Just because [i<]you[/i<] can't hear it doesn't mean that it's unnecessarily loud, needlessly coming with a whiny fan 😉 [quote<][url=https://techreport.com/review/27798/intel-broadwell-powered-nuc-mini-pc-reviewed/2<]Intel apparently found the world's tiniest fan to cool the new NUC. That's probably okay, since the 15W Broadwell-U chip is hardly a power hog. Still, I would have preferred to see a slightly thicker machine with a beefier cooler. More heatsink surface area and a larger fan would go a long way toward reducing fan whine, which the new NUC unfortunately exhibits. Alas, Intel seems to have gone for miniaturization at all costs.[/url<][/quote<] This is the same size, cheaper, better looking and completely silent than your Broadwell NUC. It's probably better cooled too!

    • Chrispy_
    • 8 years ago

    Possibly to keep it cool? I dunno but these things aren’t power-user tools. making sure it never overheats and never becomes obtrusive is probably better than a small performance boost when outright performance was never a headline in the first place.

    • DPete27
    • 8 years ago

    My [url=http://www.newegg.com/Product/Product.aspx?Item=N82E16856102093<]Broadwell i3 NUC[/url<] is completely inaudible under light use and while watching movies. And that's when I'm sitting 2 feet away from it.

    • DPete27
    • 8 years ago

    Surely this thing would have room for a decent heatsink that wouldn’t induce throttling on the equally priced 5Y71. Why choose the 5Y10?

    • LoneWolf15
    • 8 years ago

    (Paris Hilton voice) “Dat’s hawt.”

    • Chrispy_
    • 8 years ago

    Now this is what the NUC should have been all along, rather that that actively-cooled, noisy little tyke that cooks its own storage.

    • cygnus1
    • 8 years ago

    Ever use this distro? [url<]https://opnsense.org/users/get-started/[/url<]

    • VincentHanna
    • 8 years ago

    I can already tell I’m going to need at least 5 of these.

    • NovusBogus
    • 8 years ago

    That’s probably intentional. NUC is Intel’s Nexus, they want to show the world what such a system can do and then let thier hardware partners build out the real product line.

    • NovusBogus
    • 8 years ago

    The N2930 sticker price is $107, I picked up the passive Zbox for $100 the other day. Tray prices are way inflated so customers feel like they’re getting the VIP discount.

    I have several of the really low-end Bay Trail systems sitting around the workshop, and have been working on a, ahm, mini-review for a while. The trouble has been finding useful things to test them with, as “can open Linux terminal” isn’t terribly informative and they don’t play nice with old versions of Windows.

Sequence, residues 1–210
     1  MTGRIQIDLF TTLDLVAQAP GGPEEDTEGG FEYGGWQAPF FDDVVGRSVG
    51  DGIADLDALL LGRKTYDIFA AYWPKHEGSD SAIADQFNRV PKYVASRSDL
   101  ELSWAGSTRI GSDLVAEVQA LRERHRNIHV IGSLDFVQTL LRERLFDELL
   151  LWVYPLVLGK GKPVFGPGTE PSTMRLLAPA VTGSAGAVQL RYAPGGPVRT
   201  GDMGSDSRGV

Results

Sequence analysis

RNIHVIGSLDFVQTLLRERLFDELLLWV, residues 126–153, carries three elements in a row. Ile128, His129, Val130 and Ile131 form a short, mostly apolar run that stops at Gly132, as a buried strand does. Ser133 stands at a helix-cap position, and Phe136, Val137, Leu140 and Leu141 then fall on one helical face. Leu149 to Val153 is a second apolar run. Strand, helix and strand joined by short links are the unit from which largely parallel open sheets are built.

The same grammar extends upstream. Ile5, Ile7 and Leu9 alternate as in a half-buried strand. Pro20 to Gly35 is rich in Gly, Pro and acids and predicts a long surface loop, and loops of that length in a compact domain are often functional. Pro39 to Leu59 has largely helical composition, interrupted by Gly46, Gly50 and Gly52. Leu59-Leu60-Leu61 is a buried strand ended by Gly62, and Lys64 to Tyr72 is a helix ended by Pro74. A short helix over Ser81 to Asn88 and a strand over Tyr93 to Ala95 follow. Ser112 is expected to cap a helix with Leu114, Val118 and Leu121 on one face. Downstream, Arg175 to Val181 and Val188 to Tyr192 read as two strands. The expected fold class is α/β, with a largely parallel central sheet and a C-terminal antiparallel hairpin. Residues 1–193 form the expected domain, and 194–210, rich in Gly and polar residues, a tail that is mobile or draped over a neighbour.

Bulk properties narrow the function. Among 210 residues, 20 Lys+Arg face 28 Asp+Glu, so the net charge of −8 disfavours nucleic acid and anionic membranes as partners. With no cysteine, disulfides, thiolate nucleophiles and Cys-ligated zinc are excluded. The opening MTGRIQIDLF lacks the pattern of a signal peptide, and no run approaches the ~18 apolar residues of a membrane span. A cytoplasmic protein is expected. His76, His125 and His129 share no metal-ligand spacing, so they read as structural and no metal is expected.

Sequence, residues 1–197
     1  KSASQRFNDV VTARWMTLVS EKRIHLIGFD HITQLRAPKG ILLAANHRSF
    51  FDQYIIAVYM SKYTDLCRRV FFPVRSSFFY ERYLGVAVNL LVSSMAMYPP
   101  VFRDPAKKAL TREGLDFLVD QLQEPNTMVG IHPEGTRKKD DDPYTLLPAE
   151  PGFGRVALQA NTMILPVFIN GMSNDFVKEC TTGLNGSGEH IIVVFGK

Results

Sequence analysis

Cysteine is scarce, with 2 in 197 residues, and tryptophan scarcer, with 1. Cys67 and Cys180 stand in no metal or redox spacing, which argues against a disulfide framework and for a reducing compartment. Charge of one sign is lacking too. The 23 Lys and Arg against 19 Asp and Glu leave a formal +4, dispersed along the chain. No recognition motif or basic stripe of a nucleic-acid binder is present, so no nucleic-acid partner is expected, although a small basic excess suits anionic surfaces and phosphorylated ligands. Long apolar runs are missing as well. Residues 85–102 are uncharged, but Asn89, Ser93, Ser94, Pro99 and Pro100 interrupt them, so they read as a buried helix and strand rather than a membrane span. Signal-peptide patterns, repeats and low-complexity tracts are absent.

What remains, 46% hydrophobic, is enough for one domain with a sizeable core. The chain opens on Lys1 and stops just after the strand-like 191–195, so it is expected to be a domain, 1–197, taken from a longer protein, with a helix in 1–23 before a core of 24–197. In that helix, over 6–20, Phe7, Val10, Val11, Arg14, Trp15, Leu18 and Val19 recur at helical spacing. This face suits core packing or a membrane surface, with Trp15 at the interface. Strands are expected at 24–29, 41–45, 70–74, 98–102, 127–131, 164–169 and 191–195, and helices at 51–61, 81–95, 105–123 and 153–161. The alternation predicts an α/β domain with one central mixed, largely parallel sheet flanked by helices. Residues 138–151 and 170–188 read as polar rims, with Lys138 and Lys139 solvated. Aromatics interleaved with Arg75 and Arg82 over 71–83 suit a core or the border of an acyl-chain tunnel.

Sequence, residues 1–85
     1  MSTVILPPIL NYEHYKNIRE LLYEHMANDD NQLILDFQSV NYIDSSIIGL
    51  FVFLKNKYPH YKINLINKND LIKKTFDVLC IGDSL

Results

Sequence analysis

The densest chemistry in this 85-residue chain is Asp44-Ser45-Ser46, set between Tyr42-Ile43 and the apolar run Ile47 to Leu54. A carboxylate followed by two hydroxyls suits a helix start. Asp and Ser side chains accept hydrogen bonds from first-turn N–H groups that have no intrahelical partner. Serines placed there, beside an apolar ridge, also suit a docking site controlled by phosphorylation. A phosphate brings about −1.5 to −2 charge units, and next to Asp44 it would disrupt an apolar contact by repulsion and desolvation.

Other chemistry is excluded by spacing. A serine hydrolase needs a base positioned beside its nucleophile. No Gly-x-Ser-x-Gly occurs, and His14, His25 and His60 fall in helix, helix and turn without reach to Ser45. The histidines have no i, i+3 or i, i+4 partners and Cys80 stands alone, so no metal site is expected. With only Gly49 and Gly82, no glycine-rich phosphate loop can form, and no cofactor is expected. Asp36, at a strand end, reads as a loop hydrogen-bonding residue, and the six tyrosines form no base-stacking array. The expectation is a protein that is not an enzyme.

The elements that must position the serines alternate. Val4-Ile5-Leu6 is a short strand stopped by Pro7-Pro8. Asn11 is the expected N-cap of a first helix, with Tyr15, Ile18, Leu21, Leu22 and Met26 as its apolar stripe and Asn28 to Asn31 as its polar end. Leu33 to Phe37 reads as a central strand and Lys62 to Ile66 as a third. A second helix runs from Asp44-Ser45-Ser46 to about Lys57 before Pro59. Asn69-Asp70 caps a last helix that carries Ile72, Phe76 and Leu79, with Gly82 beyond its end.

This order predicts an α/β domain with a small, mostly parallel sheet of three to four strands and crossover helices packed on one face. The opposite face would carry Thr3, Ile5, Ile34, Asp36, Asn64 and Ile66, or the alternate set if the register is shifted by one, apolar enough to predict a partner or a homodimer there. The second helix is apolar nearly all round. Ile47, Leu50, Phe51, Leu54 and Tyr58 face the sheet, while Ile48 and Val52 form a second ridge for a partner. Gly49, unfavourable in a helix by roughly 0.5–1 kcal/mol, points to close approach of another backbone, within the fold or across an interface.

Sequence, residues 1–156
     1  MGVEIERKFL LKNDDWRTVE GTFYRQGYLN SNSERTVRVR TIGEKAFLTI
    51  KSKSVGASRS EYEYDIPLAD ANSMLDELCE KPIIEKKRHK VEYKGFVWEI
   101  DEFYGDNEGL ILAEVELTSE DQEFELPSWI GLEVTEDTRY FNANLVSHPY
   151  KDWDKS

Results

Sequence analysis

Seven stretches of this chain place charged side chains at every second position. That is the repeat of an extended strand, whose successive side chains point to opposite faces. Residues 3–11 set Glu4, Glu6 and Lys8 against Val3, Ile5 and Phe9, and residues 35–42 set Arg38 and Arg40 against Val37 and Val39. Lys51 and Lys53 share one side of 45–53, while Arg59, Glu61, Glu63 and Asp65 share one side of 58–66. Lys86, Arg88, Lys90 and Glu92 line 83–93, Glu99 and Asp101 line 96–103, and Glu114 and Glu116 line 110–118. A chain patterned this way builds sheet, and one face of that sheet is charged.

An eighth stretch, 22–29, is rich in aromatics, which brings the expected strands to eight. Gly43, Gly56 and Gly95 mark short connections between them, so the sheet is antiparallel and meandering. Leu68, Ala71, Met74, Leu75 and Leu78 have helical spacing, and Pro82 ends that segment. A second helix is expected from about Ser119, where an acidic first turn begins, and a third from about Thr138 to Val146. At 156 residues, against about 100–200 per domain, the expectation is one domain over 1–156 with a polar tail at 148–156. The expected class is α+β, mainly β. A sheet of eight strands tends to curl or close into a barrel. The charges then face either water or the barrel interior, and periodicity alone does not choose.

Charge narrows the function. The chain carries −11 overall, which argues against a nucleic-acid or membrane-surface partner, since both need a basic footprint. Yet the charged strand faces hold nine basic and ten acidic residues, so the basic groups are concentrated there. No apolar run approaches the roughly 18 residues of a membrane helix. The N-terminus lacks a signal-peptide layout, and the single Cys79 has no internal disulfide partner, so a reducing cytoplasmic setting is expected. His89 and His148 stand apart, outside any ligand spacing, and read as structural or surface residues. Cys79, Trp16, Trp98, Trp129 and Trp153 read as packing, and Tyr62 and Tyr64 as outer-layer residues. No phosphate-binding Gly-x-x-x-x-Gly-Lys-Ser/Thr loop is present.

• DragonDaddyBear
    • 8 years ago

    Have you looked at the Filet AMD ones? I’m waiting for a review on those. I’m thinks it would be a nice Modi/Steam box for the TV.

    • Mentawl
    • 8 years ago

    Wish it had multiple antennae for the 802.11ac, then it’d probably be my next pfSense / always-on-home-server box. Meh.

    • iatacs19
    • 8 years ago

    NUC is only one implementation, now it’s up to others to take the idea and run wit it.

    • Deanjo
    • 8 years ago

    They have in other models and many other motherboard manufacturers still use Realteks even when only one NIC connection is present on the system.

    • Takeshi7
    • 8 years ago

    One of them has to be. It’s not like they would pay for two Realtek NICs instead of using the one Intel built into the chipset.

    • raddude9
    • 8 years ago

    $300 is unlikely considering the list price for the CPU alone is $281 and it comes with 8GB of soldered memory.

    I’m interested in getting my hands on a fanless mini PC as well, but I’m worried about the potential throttling, how about a review TR?

    • southrncomfortjm
    • 8 years ago

    And all this for $300? Maybe?

    I’m looking to replace my huge (compared to this anyway) HTPC for a fanless NUC-like system. Looking to all but eliminate noise and drastically cut power usage since I don’t need the big hard drives anymore since I’m no longer recording TV shows.

    I’m guessing this will stream video and browse the web just fine. Do we supply our own storage? What about the OS?

    • Kurotetsu
    • 8 years ago

    Please be Intel NICs. Please be Intel NICs. Please be Intel NICs. Please be Intel NICs. Please be Intel NICs. Please be Intel NICs. Please be Intel NICs. Please be Intel NICs. *ad nauseum*

    • apertur3
    • 8 years ago

    This looks like everything the NUC should be but is, for some reason, consistently avoiding.